Alberta Cancer Foundation

The Health Benefits of Nuts and Seeds

In recent years, nutrition experts have been increasingly vocal about the health benefits of nuts and seeds. As a result, many of us have taken to carrying a handful of almonds in our pockets to snack on throughout the day or sprinkling hemp hearts on our cereal in the morning.

Filling, satisfyingly crunchy and incredibly good for you, nuts and seeds may just be the ideal foods when it comes to both taste and nutrition.

According to Jennifer Black, a dietitian with Alberta Health Services CancerControl, nuts and seeds, as a group, have four major things going for them: they’re full of fibre, they contain plant-based protein, they have a variety of vitamins and minerals, and they’re packed with poly- and monounsaturated fats, which are the heart-healthy fats that help to lower cholesterol and inflammation. Dietitians recommend replacing at least some of the animal-based proteins that we eat with plant-based alternatives, and incorporating nuts and seeds into your weekly diet is an easy way to accomplish that.

The “nuts and seeds” category encompasses a fairly wide range of foods — spanning from common peanuts to ultra-trendy chia seeds — but Black says they’re all beneficial. Since each nut and seed has a different nutritional profile, however, it is important to mix things up.

“All nuts and seeds are great for us, and are really healthy,” Black says. “But, as with all foods, we go for moderation and variety. Walnuts, for example, are known for their high amounts of omega-3 fatty acids, whereas almonds are known for their calcium and vitamin E.”

When trying to incorporate nuts and seeds into your daily routine, the trick is to find textures and flavours you prefer, then to get creative. Chopped nuts and larger seeds, for example, can be baked into muffins, thrown into homemade granola, or eaten on their own as a snack. Flax seeds need to be ground for the nutrients to be absorbed and, once in powder form, they can be incorporated into soups, smoothies or just about anything else for an extra dose of nutrition. For convenience and a different texture, nut and seed butters and oils are also a good choice, though the oils lack the fibre benefits found in whole or ground nuts and seeds.

Black suggests limiting salted or seasoned nuts and seeds that pack a lot of sodium. She also points out that the high caloric content can result in unwanted weight gain for individuals looking to maintain or achieve a healthy weight. Still, in general, nuts and seeds are recommended for both the general population and for those undergoing cancer treatment or focusing on cancer prevention.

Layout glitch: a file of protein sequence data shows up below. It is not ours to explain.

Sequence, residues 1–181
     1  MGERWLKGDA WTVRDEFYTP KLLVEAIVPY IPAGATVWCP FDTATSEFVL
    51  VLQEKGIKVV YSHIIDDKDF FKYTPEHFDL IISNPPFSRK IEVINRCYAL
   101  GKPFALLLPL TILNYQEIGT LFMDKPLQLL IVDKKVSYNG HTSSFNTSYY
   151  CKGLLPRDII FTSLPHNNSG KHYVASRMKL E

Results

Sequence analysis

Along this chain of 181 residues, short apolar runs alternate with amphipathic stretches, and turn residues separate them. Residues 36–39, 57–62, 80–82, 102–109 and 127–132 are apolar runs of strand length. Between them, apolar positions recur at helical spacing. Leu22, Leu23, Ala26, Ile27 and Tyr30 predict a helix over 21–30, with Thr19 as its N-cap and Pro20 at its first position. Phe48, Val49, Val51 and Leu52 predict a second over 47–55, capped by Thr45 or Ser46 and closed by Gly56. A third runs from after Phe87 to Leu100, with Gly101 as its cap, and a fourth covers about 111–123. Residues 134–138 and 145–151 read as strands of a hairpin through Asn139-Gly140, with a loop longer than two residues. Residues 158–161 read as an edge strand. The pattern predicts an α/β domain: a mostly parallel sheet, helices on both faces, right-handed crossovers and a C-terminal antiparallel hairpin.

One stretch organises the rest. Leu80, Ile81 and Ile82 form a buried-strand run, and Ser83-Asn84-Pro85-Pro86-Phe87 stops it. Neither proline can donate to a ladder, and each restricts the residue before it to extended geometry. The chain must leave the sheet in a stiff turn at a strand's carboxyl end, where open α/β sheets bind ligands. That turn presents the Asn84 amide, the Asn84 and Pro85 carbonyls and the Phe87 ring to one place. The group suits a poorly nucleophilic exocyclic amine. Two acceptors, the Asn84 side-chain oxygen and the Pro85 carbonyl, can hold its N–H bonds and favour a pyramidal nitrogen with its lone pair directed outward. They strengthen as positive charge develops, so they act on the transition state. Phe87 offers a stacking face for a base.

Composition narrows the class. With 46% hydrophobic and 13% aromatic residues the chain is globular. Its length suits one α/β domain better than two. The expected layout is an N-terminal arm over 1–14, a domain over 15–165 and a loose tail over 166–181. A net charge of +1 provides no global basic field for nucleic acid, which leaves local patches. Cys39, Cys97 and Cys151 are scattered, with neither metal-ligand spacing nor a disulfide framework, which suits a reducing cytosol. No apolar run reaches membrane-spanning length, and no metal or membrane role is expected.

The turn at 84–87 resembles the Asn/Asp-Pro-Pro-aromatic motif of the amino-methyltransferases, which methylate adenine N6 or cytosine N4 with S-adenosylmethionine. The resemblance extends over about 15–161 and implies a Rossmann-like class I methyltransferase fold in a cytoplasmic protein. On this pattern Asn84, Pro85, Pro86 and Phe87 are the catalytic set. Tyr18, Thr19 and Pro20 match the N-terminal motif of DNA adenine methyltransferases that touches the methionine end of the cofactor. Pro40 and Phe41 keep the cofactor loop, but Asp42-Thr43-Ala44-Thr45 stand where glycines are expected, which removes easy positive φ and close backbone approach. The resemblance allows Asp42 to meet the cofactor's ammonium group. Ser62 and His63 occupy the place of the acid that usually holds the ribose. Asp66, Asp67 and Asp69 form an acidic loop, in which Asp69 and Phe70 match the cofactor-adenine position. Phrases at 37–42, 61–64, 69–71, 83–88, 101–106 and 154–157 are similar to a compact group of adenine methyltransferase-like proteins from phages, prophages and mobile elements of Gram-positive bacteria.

So, spread that natural almond butter on your toast and make a batch of chia seed pudding — it really is as good for you as it is delicious.

More on healthy fats with Jennifer Black

Jennifer Black is a CancerControl dietitian with Alberta Health Services, based out of the Holy Cross Centre in Calgary. Here, she shares more insights on the benefits of healthy fats.

Are nuts and seeds something that you specifically recommend for people undergoing cancer treatment?

Absolutely — they’re such a concentrated source of fat calories. There are so many side effects of treatment that cause people with cancer to eat fewer calories, or they may have unintentional weight loss as a side effect of the disease, so they need to add more calorie-dense foods.

Are there other specific benefits from nuts and seeds for people with cancer?

Nuts and seeds contain nutrients and phytochemicals that have been shown to offer cancer-protective actions. So, for anyone who is looking to prevent cancer, incorporating nuts and seeds into your diets can help. And if you actively have cancer, it can also reduce the risk of recurrence.

How can those in treatment add more nuts and seeds to their diets?

I always encourage people to make energy balls, which are a whole lot of nuts and seeds held together with a nut butter of their choice. That’s something you can make a big batch of ahead of time and keep in the freezer for quick, easy calorie-dense snacks. Another tip is to use a coffee grinder or blender to grind nuts to a powder. Then just sprinkle a couple of tablespoons in your cereal or into muffins or cookies to add in some nutrition.

Recipe: Almond and Pumpkin Seed Energy Balls

(Loaded with healthy fats!)

These healthy, nut-packed snacks require no baking or cooking! Feel free to use other nut butters and nuts or seeds to create new combinations.


1 1/4 cups large flake rolled oats 1/4 cup shelled pumpkin seeds 1/4 cup chopped almonds 1/4 cup unsweetened flaked coconut 2 tbsp ground flax seeds 1/2 cup almond butter 1/3 cup honey 1 tsp vanilla extract 1/4 tsp salt


In a large bowl, stir together the oats, pumpkin seeds, chopped almonds, coconut and ground flax seeds. Add the almond butter, honey, vanilla extract and salt and stir until the mixture is uniformly moist and sticky. Check the consistency of the mixture — it should hold together loosely when squeezed into a ball. If it’s too wet, add some more oats; if it’s too dry, add some more almond butter. Once the consistency is right, chill the mixture in the refrigerator for 30 minutes.

Take the mixture out of the fridge and form it into balls — any size will work, but a 1-inch diameter is standard. Store in an airtight container in the refrigerator for up to two weeks or in the freezer for up to three months. Makes approximately 18 1-inch balls.